We think we know all about travel, but that is not the case. The world is full of wonders we have no idea about. Did you know how long the longest commercial flight was? What unusual pizza topping is popular in Sweden? Can travel affect the health of your heart?
Check out these 10 surprising travel facts
1. 10% of global jobs are in travel & tourism
Globally, the Travel & Tourism sector employs nearly 119 million people, excluding jobs in directly related fields such as hospitality, airlines, and transportation. In addition to these workers, there are 313 million in other professions providing support to them. That's one out of ten workers in the world. Travel and Tourism provides livelihoods for millions of people in developing countries, where most other types of work are not available.Many of these jobs are semi-skilled and concentrated in developing countries.
2. Travel can strengthen your heart
It has been found that people who skip an annual vacation have a 30%greater chance of suffering from cardiovascular disease. That stress also negatively affects more than just your mental health. Holidays could lower those risks! A study showed that after just one or two days away, nearly 90% of people reported less stress.
3. A 30-hour flight was the longest commercial flight in the world
Qantas operated a flight called 'Double Sunrise' from Australia to Sri Lanka from 1943 to 1945, which took more than 30 hours and allowed passengers to see the sunrise twice. At 17 hours and 50 minutes, the Singapore Airlines flight from Singapore to New York is today's longest commercial flight.
4. Unusual pizza topping in Sweden
Swedish pizzas are often topped with bananas. Hard to believe right? As a matter of fact, it is often mixed with curry powder. Maybe on your next trip to Sweden, you can go ahead and order this very specific dish.
5. 2017 was the year Egypt experienced the fastest growth
A downed Russian airliner and wide political tensions hit the tourism industry hard in 2016, leading to a 12.4% drop in 2016. Nevertheless, the number increased by an astonishing 73% in 2017. The fact that the sector is able to bounce back quickly from big shocks, like terrorism, shows how resilient it is.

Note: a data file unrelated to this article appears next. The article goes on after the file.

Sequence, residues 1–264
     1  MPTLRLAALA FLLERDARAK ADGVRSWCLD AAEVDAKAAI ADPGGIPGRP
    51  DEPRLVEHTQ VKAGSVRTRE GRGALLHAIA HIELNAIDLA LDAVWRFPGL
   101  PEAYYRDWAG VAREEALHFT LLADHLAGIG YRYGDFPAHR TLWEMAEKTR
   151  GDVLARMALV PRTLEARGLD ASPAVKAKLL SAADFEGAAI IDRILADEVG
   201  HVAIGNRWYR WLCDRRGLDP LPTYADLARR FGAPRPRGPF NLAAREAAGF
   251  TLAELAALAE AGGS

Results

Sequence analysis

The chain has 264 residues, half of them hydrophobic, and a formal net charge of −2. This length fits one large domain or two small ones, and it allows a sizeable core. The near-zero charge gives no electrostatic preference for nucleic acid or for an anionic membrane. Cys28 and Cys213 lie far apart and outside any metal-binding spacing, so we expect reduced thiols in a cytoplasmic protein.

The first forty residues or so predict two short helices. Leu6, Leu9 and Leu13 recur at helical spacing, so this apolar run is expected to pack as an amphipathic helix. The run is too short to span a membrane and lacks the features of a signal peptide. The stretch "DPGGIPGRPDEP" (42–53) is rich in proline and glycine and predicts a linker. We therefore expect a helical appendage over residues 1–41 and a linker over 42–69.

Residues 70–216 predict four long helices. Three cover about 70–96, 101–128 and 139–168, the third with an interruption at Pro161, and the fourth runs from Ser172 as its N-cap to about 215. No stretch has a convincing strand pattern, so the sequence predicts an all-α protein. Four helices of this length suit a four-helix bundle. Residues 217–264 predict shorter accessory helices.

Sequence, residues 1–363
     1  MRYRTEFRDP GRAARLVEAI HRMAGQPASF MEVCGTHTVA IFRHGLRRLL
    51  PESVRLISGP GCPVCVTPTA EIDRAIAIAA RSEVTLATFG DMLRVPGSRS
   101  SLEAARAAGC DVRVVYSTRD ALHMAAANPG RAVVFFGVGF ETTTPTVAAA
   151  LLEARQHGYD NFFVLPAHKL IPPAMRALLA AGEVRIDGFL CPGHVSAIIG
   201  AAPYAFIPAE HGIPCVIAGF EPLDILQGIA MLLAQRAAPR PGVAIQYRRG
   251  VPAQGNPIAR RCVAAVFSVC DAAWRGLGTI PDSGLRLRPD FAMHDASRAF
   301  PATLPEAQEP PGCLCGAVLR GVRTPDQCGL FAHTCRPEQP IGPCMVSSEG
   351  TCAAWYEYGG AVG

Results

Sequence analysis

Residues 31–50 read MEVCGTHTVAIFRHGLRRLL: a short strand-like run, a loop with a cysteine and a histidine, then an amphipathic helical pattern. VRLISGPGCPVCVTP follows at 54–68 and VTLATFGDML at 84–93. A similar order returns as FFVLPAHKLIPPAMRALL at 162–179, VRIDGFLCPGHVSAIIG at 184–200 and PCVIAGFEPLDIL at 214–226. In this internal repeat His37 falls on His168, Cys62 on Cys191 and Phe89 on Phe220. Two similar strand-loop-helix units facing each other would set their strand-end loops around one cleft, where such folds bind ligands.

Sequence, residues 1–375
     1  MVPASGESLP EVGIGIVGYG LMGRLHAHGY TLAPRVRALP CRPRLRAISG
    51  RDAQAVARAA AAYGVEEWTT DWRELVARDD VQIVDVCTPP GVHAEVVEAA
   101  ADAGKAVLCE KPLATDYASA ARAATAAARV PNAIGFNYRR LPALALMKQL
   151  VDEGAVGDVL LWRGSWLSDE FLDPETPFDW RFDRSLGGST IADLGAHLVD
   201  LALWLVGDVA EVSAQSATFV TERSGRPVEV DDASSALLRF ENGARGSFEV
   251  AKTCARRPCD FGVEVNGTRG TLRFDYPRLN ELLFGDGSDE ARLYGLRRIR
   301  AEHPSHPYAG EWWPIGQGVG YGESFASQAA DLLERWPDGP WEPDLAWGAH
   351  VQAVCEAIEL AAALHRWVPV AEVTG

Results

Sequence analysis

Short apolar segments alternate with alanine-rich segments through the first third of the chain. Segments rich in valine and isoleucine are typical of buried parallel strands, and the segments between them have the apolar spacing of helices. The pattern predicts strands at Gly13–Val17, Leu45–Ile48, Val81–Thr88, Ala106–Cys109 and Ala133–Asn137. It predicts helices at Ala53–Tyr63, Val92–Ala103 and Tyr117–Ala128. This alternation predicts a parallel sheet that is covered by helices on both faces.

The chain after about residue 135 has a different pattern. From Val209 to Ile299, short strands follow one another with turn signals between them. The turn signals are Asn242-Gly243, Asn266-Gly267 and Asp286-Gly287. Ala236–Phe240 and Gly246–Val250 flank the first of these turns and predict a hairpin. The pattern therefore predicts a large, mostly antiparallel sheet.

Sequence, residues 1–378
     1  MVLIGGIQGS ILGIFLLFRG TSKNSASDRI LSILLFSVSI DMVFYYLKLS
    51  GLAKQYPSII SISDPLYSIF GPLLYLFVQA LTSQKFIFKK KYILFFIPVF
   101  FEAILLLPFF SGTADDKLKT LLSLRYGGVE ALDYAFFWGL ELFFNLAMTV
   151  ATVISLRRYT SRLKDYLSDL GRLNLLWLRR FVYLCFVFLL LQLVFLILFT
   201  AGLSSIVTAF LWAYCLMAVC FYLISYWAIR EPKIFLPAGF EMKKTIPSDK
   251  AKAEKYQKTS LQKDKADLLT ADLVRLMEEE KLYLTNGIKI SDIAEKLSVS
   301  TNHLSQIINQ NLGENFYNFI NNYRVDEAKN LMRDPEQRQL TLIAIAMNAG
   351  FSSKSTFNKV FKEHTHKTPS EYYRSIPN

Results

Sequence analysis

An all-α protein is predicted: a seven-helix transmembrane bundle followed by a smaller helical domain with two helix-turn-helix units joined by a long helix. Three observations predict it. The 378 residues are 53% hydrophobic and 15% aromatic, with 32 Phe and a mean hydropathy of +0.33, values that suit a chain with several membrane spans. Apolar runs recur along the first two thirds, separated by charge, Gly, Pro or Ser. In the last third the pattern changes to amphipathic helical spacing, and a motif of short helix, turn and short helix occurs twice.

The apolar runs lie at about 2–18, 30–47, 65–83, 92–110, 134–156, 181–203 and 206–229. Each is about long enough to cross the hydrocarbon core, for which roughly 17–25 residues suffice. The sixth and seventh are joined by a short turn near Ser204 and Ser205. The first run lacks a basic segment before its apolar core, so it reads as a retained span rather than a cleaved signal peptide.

6. The Eiffel Tower was disliked
In the wake of its unveiling, the iconic tower was labeled as both 'monstrous' and 'ridiculous'. It is stated that Guy de Maupassant ate his lunch every day in the tower since it was the only place where he could not see the landmark in Paris.
7. By 2027, 64 million Chinese households will travel
As people earn more money, they spend more on non-essentials like travel and tourism. According to Goldman Sachs research, once someone earns just over $35,000, they begin to spend on domestic tourism activities.The average amount spent on overseas tourism is roughly $50,000. China is already an important market for many locations, as its enormous population becomes more affluent. Within the next decade, it will come to dominate, finally outvaluing the United States. 64 million more Chinese households will have adequate disposable money to begin spending on travel and tourism by 2027.
8. Every day, India's railroads transport around 23 million passengers
That's Australia's whole population. In addition, the tracks from India's railway network could round the globe one and a half times if put out in a single line.
9. Travel and tourism is growing at a higher rate than all other industries
Travel is a surprising high priority expense for those who can afford it (and an increasing number of people can each year). Long before they cut back on vacation, people cut back on other non-essential spending. Even in the midst of a downturn in the economy, it has proven to be incredibly resilient. So, while some industries, such as construction and financial services, failed to reach 3% growth in 2017, Travel & Tourism grew at a rate of 4.6 percent. This is the biggest rate of increase since 2011. As a result, approximately 7 million new jobs were created.
10. Egypt has fewer ancient pyramids than Sudan
According to several sources, Sudan is home to roughly 250 pyramid constructions built by monarchs of ancient Kushite kingdoms between 2500BC and 300AD. Egypt is considered to have a little more than a hundred pyramids.